YOKOSUKA NAVAL BASE, Japan — Two sailors who worked with the USS Ronald Reagan’s nuclear reactor were sentenced after pleading guilty last month to charges stemming from a 2018 investigation into a drug ring that involved 15 sailors.
Petty Officer 2nd Class Ethan D. Strandberg and Petty Officer 2nd Class Andrew W. Miller, both nuclear machinist mates, were reduced in rank to E-1 and discharged from the Navy for bad conduct in exchange for pleading guilty to drug distribution charges. Both must also serve short terms in confinement.
According to a Dec. 7 pre-trial agreement, Strandberg pleaded guilty to one count of conspiracy to distribute controlled substances and two counts of wrongful use or possession of controlled substances.
Strandberg admitted to conspiring with another person to distribute methylenedioxymethamphetamine — also known as MDMA or ecstasy — while “onboard the USS Ronald Reagan and at or near Yokosuka, Yokohama and Tokyo, Japan” between January 2017 and February 2018.
The second person’s name was redacted.
Miller pleaded guilty to one count of wrongful use or possession of controlled substances. He admitted in a Dec. 13 pretrial agreement that he’d distributed lysergic acid diethylamide, or LSD, several times near Yokosuka between January 2017 and February 2018.
As part of their plea agreements, Strandberg will spend 60 days and Miller will spend 30 days in confinement, according to Naval Forces Japan spokeswoman Cmdr. Reann Mommsen.
Three more Ronald Reagan sailors await court hearings in connection with this case. As part of their plea agreements, Strandberg and Miller agreed to testify against codefendants if called upon.
One unnamed defendant has completed an Article 32 preliminary hearing, and a second is awaiting one, Mommsen said. Article 32 hearings are used to determine if there is sufficient evidence to justify a trial.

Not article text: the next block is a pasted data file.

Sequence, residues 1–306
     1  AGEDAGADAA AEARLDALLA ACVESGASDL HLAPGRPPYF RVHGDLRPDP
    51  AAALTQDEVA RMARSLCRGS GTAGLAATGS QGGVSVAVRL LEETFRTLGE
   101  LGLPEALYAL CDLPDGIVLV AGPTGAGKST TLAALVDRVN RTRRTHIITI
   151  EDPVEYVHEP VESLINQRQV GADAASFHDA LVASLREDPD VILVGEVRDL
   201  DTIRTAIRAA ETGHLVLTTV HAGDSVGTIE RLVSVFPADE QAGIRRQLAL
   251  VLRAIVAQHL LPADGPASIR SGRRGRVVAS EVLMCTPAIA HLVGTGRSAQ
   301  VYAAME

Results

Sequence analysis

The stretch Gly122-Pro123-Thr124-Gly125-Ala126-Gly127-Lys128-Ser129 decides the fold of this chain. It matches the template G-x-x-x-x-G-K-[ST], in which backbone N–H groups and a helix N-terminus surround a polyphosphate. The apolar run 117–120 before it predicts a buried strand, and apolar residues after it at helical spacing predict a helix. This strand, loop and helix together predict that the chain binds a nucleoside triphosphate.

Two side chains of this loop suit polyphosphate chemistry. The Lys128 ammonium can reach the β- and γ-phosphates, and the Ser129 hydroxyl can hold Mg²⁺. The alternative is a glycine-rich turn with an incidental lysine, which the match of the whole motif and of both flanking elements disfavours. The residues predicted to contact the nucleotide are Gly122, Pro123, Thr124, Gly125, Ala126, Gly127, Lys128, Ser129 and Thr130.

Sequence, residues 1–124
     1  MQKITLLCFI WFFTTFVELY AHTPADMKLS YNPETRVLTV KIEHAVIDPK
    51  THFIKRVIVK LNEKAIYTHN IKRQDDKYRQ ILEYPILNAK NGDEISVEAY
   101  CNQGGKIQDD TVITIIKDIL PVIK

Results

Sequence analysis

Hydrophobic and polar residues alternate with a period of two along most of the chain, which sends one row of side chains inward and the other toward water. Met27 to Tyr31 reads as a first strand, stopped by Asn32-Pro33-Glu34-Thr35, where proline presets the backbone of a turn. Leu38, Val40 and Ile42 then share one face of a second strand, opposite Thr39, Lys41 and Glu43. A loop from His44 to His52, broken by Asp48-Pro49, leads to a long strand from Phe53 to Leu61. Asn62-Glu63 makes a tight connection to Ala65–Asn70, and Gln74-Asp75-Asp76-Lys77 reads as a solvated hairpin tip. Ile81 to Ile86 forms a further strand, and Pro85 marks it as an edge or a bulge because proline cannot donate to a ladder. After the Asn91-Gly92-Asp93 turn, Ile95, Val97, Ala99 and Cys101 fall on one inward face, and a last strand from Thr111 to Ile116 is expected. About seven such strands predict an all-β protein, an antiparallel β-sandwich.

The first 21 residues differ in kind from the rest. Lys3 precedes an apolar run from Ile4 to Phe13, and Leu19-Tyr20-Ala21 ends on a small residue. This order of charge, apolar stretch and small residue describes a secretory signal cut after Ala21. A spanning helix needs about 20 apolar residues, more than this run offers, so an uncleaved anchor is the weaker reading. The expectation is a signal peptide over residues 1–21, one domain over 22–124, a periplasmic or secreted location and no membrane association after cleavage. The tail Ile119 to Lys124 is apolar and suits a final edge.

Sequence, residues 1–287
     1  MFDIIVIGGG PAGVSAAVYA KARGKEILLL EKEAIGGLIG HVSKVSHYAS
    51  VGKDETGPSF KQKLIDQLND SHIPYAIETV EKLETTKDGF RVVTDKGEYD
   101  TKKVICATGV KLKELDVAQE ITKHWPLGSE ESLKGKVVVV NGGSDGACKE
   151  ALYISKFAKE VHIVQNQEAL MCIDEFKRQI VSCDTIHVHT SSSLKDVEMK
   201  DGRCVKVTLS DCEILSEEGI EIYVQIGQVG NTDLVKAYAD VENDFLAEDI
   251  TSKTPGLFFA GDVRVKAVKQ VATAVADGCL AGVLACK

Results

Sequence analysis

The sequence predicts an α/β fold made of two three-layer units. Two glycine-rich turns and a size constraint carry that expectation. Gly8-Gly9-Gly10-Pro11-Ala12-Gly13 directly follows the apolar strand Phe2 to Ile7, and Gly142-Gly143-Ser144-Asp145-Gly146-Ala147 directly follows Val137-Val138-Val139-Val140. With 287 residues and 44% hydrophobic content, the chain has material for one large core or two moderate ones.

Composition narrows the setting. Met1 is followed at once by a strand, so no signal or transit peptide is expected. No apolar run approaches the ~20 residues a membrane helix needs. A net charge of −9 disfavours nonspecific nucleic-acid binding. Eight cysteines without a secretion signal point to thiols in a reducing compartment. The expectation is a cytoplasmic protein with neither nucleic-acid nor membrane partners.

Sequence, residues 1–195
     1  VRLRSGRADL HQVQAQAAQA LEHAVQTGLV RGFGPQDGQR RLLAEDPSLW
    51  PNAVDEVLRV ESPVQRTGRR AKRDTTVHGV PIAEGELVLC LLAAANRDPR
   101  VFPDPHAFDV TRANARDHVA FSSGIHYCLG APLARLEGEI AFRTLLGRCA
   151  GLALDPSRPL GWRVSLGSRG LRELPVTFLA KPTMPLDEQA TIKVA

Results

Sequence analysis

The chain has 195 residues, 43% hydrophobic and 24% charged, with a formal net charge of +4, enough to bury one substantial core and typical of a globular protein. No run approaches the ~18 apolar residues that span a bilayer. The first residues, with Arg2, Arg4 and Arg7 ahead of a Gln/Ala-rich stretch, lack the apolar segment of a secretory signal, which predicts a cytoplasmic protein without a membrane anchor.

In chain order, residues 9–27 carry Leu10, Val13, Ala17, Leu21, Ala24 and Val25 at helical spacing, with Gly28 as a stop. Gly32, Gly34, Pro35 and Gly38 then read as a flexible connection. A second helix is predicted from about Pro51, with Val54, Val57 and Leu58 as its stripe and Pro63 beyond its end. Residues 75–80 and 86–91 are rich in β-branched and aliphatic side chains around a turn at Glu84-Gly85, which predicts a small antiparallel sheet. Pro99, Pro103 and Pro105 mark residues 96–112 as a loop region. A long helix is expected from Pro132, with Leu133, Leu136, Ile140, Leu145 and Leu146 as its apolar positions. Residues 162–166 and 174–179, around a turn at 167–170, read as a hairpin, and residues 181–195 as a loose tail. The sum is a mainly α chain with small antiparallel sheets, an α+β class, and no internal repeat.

The third defendant, Petty Officer 2nd Class Sean Gevero, a nuclear electrician’s mate, is awaiting a special court-martial on a charge of wrongful use or possession of controlled substances, Mommsen said.
Ten other Reagan sailors received nonjudicial punishments in connection with the case, 7th Fleet spokesman Lt. Joe Keiley said in November. Further information about those disciplinary actions was not publicly released, per Navy policy on administrative issues.
Naval Criminal Investigative Service has officially ended its investigations into the drug-distribution case, Mommsen said.
Japanese authorities had been involved early in the investigation when it was thought that the drugs were being sold to locals off base. They dropped their investigation in June.
Fourteen of the 15 implicated sailors were assigned to the Ronald Reagan’s nuclear reactor department, Keiley said in June. Those suspected of involvement were removed from those duties as the investigation got underway.
Keiley said in November that there was no evidence to suggest that the drug operation affected the sailors’ work.
“Propulsion plant operations are supervised by senior personnel,” he said.
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